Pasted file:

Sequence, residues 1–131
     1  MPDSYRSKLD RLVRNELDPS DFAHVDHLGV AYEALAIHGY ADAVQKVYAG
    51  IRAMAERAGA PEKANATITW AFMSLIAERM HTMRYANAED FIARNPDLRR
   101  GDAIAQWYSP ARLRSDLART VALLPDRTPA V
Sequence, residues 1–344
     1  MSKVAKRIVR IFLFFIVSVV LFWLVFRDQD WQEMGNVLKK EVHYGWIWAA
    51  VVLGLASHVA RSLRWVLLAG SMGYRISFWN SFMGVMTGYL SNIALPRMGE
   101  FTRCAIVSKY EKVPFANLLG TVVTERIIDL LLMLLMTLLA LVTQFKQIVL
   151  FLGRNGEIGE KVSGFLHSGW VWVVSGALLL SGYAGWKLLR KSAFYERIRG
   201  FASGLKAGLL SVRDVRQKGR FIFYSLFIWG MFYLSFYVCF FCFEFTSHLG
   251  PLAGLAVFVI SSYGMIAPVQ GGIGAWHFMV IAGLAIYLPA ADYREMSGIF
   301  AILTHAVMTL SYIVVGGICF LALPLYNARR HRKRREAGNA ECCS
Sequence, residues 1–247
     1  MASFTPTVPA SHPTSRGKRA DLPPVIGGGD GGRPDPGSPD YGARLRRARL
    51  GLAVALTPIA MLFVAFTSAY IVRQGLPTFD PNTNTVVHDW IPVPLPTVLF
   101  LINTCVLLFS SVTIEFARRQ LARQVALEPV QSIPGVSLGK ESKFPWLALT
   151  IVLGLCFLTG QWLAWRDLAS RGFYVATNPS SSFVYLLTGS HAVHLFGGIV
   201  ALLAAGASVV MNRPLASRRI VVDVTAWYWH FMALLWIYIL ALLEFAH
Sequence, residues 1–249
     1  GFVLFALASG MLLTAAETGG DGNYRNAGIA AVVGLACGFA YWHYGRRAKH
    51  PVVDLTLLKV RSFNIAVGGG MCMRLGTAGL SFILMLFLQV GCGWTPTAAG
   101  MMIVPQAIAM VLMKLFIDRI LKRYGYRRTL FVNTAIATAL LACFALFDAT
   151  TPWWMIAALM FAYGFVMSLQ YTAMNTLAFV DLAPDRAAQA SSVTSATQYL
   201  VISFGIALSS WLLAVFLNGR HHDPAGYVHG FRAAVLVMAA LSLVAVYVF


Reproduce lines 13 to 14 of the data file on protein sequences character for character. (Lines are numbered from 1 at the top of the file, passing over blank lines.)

Sequence, residues 1–247
     1  MASFTPTVPA SHPTSRGKRA DLPPVIGGGD GGRPDPGSPD YGARLRRARL